CSS hack is a technical coding used to hide or show CSS markup depending on the browser , version number, or capabilities. Browsers have different interpretations of CSS behavior and different levels of support for the standard W3C . CSS hacks are sometimes used to achieve consistent layout in multiple browsers that do not have compatible rendering. Most of these hacks do not work in modern versions of the browsers, and other techniques, such as feature support detection, have become more prevalent.

Types of hacks

Invalid or non-compliant CSS

Due to quirks in the interpretation of CSS by various browsers, most CSS hacks involve writing invalid CSS rules that are interpreted only by specific browsers, or relying on specific browser bugs. An example of this is prefixing rules with an underscore (as in _width) to target Internet Explorer 6-other browsers will ignore the line, allowing it to be used to write code specific to one browser.

Conditional comments

Main article: Conditional comment

Prior to version 10, Internet Explorer has a special syntax that would allow blocks of HTML to be read by specific versions of the browser. These comments are mostly used to provide specific CSS and JavaScript workarounds to older versions of the browser. No other browsers.

The following are examples of the different syntax for these comments.

< head >
 < title > Test </ title >
 < link href = "all_browsers.css" rel = "stylesheet" type = "text / css" >
 <! - [if IE]> <link href = "ie_only.css "rel =" stylesheet "type =" text / css "> <! [endif] ->
 <! - [if IE 7]> <link href =" ie_6_and_below.css "rel =" stylesheet "type =" text / css "> <! [endif] ->
 <! - [if! IE 7]> <! [IGNORE [-> <! [IGNORE []]> < link href = "recent.css " rel = " stylesheet " type = " text / css " > <! - <! [endif] ->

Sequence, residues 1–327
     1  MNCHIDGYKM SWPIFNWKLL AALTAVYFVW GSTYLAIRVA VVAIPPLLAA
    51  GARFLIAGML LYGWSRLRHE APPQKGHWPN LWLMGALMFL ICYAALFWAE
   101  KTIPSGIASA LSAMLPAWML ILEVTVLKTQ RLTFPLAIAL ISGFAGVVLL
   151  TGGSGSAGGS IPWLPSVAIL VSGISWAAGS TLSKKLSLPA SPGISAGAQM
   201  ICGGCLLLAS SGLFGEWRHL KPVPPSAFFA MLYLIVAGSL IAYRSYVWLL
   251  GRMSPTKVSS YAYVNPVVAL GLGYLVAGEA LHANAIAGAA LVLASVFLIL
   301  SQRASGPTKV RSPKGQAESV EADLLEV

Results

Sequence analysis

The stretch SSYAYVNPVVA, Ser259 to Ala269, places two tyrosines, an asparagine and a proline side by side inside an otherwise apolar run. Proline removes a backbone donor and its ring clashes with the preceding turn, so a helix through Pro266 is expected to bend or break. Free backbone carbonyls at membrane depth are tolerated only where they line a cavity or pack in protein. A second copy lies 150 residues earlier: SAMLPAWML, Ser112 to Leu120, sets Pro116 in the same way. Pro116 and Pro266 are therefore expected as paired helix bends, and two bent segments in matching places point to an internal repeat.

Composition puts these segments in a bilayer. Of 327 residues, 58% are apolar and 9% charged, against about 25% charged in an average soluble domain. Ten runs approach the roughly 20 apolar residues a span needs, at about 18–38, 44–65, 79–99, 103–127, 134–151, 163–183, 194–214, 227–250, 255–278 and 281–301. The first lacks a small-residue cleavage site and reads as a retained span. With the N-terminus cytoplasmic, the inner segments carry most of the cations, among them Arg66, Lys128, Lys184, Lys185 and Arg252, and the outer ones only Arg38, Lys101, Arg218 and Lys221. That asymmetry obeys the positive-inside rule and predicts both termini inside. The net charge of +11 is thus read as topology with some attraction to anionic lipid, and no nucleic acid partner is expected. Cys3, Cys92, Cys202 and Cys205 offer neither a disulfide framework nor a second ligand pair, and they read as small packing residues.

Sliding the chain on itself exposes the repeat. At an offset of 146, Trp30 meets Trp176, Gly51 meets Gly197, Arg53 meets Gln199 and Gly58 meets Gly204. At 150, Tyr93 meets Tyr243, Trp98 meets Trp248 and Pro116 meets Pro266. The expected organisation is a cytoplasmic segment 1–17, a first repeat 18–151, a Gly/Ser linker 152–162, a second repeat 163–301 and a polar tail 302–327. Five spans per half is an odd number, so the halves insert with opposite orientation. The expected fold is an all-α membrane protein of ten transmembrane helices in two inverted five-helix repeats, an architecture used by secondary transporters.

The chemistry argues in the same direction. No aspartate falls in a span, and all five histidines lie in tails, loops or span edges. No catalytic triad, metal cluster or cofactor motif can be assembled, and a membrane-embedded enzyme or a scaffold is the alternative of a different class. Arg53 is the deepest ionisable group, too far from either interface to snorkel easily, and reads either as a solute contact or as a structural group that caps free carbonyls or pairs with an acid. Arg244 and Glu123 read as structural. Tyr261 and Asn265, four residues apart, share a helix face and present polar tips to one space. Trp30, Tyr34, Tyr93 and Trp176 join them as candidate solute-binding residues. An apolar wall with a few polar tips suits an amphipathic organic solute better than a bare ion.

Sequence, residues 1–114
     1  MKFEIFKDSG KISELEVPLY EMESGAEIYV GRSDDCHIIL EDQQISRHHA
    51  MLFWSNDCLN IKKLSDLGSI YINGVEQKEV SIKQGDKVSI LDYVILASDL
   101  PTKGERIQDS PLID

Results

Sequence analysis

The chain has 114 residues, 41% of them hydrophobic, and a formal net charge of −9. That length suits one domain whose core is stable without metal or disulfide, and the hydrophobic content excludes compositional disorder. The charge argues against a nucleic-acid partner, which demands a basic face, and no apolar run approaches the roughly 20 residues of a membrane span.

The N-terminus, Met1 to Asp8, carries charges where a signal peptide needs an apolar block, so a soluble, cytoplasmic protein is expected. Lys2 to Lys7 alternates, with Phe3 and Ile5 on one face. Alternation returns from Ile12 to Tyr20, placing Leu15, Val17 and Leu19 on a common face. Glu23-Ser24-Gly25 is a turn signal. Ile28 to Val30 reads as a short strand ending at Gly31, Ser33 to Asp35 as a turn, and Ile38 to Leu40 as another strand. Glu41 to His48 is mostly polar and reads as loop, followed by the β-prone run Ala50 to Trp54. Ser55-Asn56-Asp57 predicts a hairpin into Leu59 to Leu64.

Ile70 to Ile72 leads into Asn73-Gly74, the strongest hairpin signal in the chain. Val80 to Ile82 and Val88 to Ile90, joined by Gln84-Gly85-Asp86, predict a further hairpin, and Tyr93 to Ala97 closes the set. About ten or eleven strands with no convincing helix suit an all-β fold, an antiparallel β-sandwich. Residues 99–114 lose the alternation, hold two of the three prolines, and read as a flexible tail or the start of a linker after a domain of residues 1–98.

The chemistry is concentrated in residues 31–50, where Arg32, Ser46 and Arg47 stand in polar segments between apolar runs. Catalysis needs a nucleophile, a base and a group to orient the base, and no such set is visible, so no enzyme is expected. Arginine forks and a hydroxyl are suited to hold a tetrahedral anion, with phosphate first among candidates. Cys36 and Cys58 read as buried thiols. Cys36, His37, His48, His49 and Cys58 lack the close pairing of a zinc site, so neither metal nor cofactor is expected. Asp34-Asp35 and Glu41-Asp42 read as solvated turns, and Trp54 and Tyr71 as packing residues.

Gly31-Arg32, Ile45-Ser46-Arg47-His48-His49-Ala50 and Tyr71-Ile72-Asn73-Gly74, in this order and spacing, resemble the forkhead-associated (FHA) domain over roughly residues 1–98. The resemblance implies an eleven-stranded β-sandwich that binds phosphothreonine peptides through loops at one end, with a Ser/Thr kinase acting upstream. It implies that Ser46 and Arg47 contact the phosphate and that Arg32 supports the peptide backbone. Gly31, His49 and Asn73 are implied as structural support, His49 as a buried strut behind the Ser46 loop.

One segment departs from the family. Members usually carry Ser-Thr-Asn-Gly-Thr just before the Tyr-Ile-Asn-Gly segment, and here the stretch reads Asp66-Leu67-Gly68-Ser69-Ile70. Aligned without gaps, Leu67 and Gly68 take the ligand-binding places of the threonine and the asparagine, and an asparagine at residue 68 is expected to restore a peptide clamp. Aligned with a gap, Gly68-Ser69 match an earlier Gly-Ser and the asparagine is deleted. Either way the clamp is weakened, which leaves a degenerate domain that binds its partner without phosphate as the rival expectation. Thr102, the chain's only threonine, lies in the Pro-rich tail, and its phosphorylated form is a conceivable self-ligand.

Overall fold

<! - [if! IE] -> < link href = "not_ie.css" rel = "stylesheet" type = "text / css" > <! - <! [endif] ->
</ head >

Criticism

Hiding code using hacks often leads to pages being incorrectly displayed when browsers are updated. These hacks can lead to unexpected behavior in newer browsers than they can interpret them differently than their predecessors. Since Internet Explorer 6 and 7 have fallen out of use, CSS hacks have declined as well. Modern methods of functional targeting are less fragile and error-prone.

Alternatives

Browser prefixes

Each of the most popular browser rendering engines has its own vendor-specific prefix for experimental properties. However, the browser is a tool for the use of these devices. [1]

List of prefixes

The following is a list of prefixes from various layout engines:

Vendor Prefix In Use Layout Engine Created by Used by
-ah- yes Formatter Antenna House Antenna House Formatter
-apple- yes WebKit Apple Inc. Apple Safari 2.0 , Opera Widgets, WebKit-Based Browsers (as legacy prefix)
-atsc- Advanced Television Systems Committee standards
-epub- yes WebKit EPUB Working Group Chromium / Google Chrome , WebKit-Based Browsers
-hp- Hewlett-Packard (now HP Inc. andHewlett Packard Enterprise )
-khtml- yes / yes KHTML / WebKit KDE KDE Konqueror / Apple Safari 1.1 through Safari 2.0, WebKit-Based Browser (as a legacy prefix)
-moz- yes Gecko Mozilla Foundation Gecko-Based Browsers [?], Mozilla Firefox
-ms- yes Trident / MSHTML Microsoft Corporation Microsoft Internet Explorer
mso- Office Microsoft Corporation Microsoft Office [?]